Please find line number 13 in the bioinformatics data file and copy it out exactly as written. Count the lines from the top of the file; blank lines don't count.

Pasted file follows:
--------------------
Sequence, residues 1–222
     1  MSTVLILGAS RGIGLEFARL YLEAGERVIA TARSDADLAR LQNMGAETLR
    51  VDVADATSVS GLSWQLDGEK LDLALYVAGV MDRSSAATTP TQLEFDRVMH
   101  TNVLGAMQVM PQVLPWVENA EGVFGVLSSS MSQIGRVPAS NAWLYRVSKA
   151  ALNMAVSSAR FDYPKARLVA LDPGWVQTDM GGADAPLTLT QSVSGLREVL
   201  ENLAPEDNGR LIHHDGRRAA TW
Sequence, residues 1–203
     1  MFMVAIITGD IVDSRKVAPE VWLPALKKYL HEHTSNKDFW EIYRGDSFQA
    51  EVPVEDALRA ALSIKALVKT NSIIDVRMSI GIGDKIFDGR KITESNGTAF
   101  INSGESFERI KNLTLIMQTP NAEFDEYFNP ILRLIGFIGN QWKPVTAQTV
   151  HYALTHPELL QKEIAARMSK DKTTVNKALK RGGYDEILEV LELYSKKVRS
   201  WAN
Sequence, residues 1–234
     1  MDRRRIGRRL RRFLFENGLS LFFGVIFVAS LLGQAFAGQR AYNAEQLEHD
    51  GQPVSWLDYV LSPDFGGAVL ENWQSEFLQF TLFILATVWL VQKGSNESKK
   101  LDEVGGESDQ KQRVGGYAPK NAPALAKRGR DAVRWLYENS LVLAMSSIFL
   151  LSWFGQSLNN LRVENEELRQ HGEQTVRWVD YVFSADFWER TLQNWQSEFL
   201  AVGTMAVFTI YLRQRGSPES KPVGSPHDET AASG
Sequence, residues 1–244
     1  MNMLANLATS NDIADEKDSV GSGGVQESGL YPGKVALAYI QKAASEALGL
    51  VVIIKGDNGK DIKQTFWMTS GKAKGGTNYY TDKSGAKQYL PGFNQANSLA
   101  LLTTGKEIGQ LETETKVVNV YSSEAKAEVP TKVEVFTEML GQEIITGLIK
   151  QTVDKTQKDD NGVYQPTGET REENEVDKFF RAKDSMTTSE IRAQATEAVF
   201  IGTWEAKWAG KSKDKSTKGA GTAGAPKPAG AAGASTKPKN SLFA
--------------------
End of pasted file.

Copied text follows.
Sequence, residues 1–234